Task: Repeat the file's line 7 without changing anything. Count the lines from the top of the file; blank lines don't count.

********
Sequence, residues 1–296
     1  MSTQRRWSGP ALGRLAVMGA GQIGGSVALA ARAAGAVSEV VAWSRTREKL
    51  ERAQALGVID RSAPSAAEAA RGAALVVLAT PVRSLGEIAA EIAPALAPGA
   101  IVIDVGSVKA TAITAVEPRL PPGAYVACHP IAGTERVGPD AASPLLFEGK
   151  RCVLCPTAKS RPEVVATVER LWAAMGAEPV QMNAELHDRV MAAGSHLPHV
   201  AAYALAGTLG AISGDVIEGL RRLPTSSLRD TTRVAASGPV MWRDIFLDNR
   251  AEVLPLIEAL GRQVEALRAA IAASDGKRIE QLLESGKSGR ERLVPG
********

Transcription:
   251  AEVLPLIEAL GRQVEALRAA IAASDGKRIE QLLESGKSGR ERLVPG